Late 50’s Angelino @ciclavia: “If its like this next yr I’m going to shoot somebody.” Reminding all that regardless of circumstance, sometimes people say stupid shit.
There’s just too many compelling reasons to not give a fuck.
Did you ever lose something, but not really because you know it’s in such an obvious place that you’re just overlooking it, then when you don’t need it you see it but don’t care, only to wish you did because now you lost it again? Hate when that happens.
Hey #LA, go vote! You don’t know who’s running? No, I understand, you’re still hungover from the Presidential. Oh, you didn’t vote then either? Uhh…have a good Tuesday!
Not yet 10 minutes after thinking, “It’s a shame how white people continue to pollute paradise,” while watching #TheImpossible, I remembered it’s silly to delineate as we’re all human.
Then I ate a grilled cheese.
My love to you,
My love to the world.
Nations routinely get past atrocities and wrongdoings done to them by other nations to move forward in peace, i.e. US with Pearl Harbor, Japan with Hiroshima/Nagasaki, Vietnam with our chemical warfare…what makes the Middle East so intrinsically unsolvable?
Yesterday I heard Jay Z/Eminem - Renegade in a hipster NYC brunch spot, and today 2 Chainz in a fancy LA taco joint, which means not only is hip hop entering an ironic level of coolness, but people in the big cities are perfectly fine with uncensored expletives while they dine. #illrhymesforilltimes
It’s me again.
I’m not quite sure if we can yet call this a tradition, but something about another Presidential election makes me want to write you and clear my mind. Now I know from speaking with you that odds are you haven’t shifted your voting preferences any closer to mine in the past four years, and I once again might not expect this letter to inspire such movement in any great way. I can only speak honestly, as both a humble citizen with my own limited access to information, and an evolving mindset that has bore witness to a Presidential administration that I finally felt I had a vested interest in from the onset.
Looking back over the past four years is an interesting practice from this perspective. The campaign of 2008 is almost completely removed from my memory, and all that is left as a tentpole for my feelings at the time is the letter I wrote you, and the issues I included. Things like: Universal health care, a woman’s right to choose (the new focus group-tested way of saying pro-choice), gun control, war, alternative energy, and discretionary spending programs. Many of those problems still exist, some haven’t even been seriously considered, and there is a wide swath of additional issues I’d probably add to the mix. These include: Debt reduction, immigration, civil liberties, climate change, a total tax overhaul, and congressional reform. Hardly a lightweight bunch.
Now I must be honest, the glimmer of idealism is lost in me today. I am not swept by the same fervor of 2008, the same passionate belief in endless possibility, the same feeling that our country was turning the corner towards brighter days. But be not mistaken, I am no less optimistic. We are a nation that can overcome challenges, that can dream for a better future, and can embrace unity when it is most needed for our survival. And I am not willing to subscribe to the belief that the dysfunction our Government has exhibited in recent years is a challenge which we will not again overcome.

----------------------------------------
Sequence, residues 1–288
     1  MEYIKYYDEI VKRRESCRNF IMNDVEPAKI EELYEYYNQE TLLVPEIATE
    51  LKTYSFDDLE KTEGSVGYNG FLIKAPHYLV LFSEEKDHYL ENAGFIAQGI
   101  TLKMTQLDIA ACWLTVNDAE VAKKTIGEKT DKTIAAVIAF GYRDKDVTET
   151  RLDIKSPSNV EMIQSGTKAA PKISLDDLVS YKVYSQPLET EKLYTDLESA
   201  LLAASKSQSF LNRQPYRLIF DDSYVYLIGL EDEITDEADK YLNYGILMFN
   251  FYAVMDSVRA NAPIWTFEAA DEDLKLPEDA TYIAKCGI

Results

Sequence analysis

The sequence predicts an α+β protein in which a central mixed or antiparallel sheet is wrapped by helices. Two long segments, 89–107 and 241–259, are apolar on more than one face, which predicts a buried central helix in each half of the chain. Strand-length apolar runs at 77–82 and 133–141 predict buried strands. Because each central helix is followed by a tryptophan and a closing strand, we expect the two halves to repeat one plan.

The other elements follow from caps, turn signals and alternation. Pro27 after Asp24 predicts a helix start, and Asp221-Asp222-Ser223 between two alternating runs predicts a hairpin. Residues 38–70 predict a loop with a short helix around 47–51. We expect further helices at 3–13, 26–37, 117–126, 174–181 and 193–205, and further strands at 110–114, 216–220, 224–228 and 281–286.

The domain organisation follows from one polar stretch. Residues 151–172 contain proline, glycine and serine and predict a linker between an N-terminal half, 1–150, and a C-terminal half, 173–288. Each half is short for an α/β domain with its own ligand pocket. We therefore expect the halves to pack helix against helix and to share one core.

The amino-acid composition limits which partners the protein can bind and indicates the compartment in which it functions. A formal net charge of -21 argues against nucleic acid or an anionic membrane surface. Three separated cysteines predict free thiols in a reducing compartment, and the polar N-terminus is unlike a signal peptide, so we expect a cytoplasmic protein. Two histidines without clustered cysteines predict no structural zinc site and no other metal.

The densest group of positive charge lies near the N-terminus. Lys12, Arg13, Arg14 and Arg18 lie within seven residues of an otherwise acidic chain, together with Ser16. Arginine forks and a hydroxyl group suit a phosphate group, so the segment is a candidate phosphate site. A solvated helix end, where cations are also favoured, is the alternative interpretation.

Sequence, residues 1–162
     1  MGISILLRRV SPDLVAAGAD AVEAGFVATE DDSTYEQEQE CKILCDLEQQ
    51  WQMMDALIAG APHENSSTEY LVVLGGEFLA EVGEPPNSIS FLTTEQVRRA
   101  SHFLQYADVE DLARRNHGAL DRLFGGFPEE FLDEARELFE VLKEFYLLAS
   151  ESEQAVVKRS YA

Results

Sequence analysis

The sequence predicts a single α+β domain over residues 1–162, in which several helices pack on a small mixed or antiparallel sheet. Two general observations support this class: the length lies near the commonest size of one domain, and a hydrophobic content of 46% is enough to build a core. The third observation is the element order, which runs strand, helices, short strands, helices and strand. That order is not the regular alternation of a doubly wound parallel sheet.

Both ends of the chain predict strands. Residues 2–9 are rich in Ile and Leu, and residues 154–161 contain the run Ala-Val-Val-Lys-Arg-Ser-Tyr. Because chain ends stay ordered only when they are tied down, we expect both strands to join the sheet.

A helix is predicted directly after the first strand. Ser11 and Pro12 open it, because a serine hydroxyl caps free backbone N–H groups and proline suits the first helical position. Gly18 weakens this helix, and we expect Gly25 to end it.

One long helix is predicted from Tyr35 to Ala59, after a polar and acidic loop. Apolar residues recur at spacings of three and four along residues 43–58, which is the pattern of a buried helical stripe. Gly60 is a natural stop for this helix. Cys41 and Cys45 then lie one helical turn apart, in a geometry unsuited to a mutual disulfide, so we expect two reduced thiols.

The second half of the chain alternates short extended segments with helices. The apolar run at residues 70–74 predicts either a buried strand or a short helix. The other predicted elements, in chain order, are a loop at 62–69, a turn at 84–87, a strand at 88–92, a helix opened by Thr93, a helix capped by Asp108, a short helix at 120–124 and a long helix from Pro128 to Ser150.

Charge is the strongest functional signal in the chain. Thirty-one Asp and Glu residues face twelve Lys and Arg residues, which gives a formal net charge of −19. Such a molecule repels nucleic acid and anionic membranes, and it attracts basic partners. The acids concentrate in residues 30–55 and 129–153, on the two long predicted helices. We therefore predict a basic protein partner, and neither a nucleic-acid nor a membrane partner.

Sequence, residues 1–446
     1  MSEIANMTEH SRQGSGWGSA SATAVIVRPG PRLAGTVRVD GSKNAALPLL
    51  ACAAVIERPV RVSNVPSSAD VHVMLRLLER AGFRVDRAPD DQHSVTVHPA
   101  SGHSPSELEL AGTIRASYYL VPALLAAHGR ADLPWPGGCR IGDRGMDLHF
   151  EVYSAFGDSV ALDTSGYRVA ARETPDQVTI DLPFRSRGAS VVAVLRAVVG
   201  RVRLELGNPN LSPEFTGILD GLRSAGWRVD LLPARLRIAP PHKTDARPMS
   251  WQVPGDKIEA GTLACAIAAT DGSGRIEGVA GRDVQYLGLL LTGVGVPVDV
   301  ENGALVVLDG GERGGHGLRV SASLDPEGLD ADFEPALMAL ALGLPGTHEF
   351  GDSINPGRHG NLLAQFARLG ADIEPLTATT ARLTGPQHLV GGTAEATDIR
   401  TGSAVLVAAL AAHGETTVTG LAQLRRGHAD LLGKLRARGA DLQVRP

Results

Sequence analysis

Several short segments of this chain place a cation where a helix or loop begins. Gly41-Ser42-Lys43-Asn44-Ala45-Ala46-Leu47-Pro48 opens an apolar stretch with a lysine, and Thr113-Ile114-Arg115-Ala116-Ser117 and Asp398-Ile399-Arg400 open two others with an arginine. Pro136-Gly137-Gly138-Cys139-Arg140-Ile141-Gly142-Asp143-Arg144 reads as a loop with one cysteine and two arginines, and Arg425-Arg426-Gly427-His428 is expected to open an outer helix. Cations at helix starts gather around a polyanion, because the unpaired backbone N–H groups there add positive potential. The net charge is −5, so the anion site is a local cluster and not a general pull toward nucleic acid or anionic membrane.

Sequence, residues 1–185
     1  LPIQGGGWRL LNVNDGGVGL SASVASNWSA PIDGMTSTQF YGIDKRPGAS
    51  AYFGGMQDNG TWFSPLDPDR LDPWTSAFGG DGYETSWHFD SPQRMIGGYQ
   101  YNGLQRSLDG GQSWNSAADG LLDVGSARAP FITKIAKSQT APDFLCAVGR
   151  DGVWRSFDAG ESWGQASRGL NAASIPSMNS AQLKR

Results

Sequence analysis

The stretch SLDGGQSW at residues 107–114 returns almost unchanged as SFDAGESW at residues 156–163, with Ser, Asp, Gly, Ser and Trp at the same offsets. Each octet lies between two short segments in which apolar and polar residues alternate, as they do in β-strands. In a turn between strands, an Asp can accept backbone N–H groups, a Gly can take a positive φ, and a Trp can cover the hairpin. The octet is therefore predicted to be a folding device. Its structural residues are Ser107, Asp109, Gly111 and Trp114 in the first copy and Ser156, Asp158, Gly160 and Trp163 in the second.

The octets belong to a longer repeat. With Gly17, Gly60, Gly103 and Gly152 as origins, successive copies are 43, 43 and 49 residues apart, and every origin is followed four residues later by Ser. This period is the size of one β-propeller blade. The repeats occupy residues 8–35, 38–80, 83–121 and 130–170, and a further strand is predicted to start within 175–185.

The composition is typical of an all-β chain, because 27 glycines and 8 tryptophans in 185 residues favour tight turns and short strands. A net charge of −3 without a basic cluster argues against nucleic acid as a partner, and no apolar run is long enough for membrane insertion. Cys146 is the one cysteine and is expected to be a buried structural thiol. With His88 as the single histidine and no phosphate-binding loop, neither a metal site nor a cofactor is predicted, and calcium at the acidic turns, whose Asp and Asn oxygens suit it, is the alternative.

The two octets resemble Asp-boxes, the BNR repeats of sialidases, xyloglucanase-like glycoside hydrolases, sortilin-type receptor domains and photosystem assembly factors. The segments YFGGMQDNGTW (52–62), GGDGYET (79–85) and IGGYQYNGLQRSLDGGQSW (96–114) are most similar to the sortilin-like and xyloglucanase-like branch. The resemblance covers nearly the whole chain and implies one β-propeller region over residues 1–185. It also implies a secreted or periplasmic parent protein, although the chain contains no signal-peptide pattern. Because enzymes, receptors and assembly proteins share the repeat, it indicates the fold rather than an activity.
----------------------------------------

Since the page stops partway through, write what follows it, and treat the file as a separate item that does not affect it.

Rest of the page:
As through the sometimes hilarity of governance that we have seen practiced by our elected leaders, real progress has been made, and the effects are indisputable. Lines are being drawn in the sand, and our decisions on major issues are increasing in importance, becoming more likely to decide our fate as cans are kicked further and further down the road. The winner of this evening’s election will find himself in a precarious position almost immediately. Regardless of the outcome the fiscal cliff will have to be negotiated by our current President, but odds are the negotiation will go differently depending on tonight’s results. Taxes, military spending, entitlement reform, and domestic investment (a.k.a. our $1.1 trillion dollar deficit) will all be on the table, and solutions will need to be found, hopefully to great effect.
We have seen which side our current President errs on. Through what I can only describe as compassion for a fellow man, he has pushed for equal rights for all citizens, equal opportunities for all who seek it, and equal protection for those who need it. These ideas have manifested themselves in a multitude of policy choices thus far: Repealing of DADT and vocally supporting marriage equality, helping pass comprehensive financial reform and reinvesting in education, and passing the Affordable Care Act and cracking down on abuses ranging from for-profit colleges to credit card accountability and unfair sentencing.
It is the summation of a hundred little victories that help showcase what kind of a country we really want to be, and by examining the record of the past four years it is clear we are turning the corner towards the ideals of tomorrow, and not getting forever befuddled in a rose-colored imagination of the past. But whatever progress has been made thus far, there is nothing that can’t yet be knocked back down to obscurity.